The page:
“Terrorism is a criminal act, not a communal act.” Presented as a closing argument in this intense taut courtroom drama, this becomes the film’s argument as well. Anubhav Sinha roars back into form as director of Mulk, a film reminiscent of his days on television with shows such as Shikast. Talking about religion in a country with such a passionate population is always a murky proposition, but Mulk deals with this often-divisive subject in a respectful, academic, and graceful manner.
Mulk is not anti or pro religion. It is a story about a small Muslim joint family living in Varanasi who fights to regain their honor and respect after a family member commits a terrorist act. Sinha poses many questions through his film. Who is to blame? Is this an intrinsic problem with the religion of Islam, or Islamic culture? Or is there something else at play? The movie claims that it is not the religion that is at fault, but rather the people who misconstrue it. Sinha makes a point to say that even though it is true that a person’s prejudice should not exist when it comes to investigations of terrorism, and that Islam is not synonymous with terrorism, it is also a person’s obligation to make sure their members are not swept up into radicalism.
The social message aside, Mulk provides us with a treat of talented performances. Rishi Kapoor, who reinvigorated his acting career with 2009’s Luck By Chance, gives one of his best performances to date. It is easy to connect with Kapoor’s sincere portrayal of the strong-willed, passionate, and caring Advocate Murad Ali Mohammed. He brings a gravitas to the movie that only a seasoned actor can bring.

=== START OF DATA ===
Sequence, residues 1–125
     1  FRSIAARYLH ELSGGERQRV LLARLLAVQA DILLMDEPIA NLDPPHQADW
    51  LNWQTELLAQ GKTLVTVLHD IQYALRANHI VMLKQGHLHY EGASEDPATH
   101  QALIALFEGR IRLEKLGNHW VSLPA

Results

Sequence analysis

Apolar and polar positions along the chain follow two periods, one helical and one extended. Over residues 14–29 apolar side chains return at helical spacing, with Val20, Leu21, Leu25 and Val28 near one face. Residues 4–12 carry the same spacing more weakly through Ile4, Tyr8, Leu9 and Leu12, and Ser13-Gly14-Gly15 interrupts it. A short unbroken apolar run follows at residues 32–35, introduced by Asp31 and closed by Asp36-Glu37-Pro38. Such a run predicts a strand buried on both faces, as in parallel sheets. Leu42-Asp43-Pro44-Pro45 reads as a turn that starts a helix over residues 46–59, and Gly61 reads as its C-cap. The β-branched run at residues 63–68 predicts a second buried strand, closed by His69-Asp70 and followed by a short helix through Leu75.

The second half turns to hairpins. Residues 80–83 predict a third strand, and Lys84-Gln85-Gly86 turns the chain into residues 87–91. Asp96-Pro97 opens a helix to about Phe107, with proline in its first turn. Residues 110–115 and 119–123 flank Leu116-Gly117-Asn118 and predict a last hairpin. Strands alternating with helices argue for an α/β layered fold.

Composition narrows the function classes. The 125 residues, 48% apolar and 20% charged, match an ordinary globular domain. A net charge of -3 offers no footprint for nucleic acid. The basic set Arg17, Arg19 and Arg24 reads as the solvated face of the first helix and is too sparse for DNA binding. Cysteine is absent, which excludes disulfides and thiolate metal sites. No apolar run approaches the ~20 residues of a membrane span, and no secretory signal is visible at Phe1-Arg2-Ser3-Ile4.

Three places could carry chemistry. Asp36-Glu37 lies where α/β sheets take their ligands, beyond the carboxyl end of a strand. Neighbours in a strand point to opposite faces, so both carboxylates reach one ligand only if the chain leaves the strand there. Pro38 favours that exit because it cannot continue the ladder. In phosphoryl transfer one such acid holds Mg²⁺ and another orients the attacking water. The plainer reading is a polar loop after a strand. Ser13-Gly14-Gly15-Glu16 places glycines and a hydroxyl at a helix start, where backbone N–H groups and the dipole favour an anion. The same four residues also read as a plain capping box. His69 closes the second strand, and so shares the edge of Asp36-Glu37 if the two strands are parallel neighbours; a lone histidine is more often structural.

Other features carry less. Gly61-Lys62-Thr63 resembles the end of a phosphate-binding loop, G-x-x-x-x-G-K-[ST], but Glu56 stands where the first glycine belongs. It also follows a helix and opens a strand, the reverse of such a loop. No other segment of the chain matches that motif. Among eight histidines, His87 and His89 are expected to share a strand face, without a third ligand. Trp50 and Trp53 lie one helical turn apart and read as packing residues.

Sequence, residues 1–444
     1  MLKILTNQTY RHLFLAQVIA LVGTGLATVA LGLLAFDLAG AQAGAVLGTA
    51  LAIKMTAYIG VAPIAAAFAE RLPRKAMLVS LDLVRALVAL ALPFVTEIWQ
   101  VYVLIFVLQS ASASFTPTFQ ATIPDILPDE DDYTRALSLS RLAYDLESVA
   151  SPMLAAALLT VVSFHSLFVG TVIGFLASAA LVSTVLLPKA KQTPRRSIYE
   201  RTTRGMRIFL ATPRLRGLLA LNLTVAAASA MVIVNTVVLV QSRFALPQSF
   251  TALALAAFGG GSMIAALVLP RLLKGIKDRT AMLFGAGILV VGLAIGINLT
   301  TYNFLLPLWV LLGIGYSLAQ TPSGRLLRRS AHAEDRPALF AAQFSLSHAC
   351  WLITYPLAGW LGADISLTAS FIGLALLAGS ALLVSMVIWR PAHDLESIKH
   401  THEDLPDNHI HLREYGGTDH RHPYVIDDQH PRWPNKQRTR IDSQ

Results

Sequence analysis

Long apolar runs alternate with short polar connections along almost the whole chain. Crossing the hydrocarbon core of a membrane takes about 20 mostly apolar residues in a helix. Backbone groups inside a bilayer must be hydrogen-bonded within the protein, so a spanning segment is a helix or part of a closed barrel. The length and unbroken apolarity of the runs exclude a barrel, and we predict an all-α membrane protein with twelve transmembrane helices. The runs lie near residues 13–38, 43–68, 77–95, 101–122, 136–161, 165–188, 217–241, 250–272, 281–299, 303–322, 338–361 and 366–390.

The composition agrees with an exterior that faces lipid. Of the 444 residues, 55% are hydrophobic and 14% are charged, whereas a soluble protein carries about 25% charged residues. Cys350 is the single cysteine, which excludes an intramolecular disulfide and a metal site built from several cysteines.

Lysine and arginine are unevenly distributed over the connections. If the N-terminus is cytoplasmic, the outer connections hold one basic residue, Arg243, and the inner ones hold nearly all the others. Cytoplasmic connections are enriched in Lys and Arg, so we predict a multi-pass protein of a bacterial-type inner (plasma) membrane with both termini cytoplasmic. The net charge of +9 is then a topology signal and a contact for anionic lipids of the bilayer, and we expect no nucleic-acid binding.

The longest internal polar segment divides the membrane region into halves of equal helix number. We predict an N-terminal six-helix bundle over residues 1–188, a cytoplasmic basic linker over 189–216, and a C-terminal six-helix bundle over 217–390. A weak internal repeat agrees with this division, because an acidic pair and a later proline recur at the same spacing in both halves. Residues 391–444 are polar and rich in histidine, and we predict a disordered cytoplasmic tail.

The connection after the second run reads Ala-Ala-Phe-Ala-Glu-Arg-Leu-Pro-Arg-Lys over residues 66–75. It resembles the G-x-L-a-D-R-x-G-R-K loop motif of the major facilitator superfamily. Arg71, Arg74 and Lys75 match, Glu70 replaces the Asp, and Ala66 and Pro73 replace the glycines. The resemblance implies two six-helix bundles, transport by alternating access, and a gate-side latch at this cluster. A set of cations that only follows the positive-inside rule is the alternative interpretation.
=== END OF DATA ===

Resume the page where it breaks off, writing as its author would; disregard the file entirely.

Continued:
Taapsee Pannu’s depiction of Aarti Mohammed, a fellow lawyer who is the Hindu daughter-in-law of the family is powerful to say the least. Aarti serves as an important nexus of divided ideologies. Her character is a Hindu by birth, who marries into a Muslim family, but is never thought of as a pariah. In fact, she feels more at home with them then with her own family. Pannu has delicately balanced her presence in big budget blockbusters and important social dramas, showcasing her incredible acting range. Pannu’s grace and sensibility imbues her character with a relatability that might have been missing had someone else been cast.
Not to be overlooked, Manoj Pahwa, who is an Anubhav Sinha staple since his television days, gives a touching performance as the father of a misguided young man who is accused of aiding his son in becoming a terrorist. Pahwa who is known for playing comical sidekicks shows an aptitude for drama and creates an instant human connection with the audience. His heart-breaking performance will leave at least some of you in tears.
The film deconstructs the uncomfortable reality that there are vultures out there that will take advantage of impressionable young adults, for their own selfish needs. Prateik Babbar’s Shahid is a disgruntled young man who is upset with where his life is leading and becomes misguided in chase for a sense of purpose. Babbar perfectly embodies a mistaken youth who gets brainwashed into performing a terrible act of violence. No surprise there.